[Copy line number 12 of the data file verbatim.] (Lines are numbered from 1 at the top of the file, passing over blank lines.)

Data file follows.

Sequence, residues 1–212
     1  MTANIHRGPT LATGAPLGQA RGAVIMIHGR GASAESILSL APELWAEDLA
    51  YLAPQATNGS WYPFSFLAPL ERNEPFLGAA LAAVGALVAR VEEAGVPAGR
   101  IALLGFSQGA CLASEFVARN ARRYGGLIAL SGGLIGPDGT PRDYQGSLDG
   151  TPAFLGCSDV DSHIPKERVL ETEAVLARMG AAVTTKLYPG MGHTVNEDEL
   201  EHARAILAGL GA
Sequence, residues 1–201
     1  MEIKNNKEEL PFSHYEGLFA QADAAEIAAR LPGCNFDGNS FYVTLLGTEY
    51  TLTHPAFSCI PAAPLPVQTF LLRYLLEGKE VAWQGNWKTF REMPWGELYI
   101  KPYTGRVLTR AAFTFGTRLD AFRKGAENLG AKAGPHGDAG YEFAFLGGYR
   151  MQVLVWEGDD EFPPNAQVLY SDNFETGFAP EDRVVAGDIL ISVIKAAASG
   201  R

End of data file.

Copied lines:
   201  R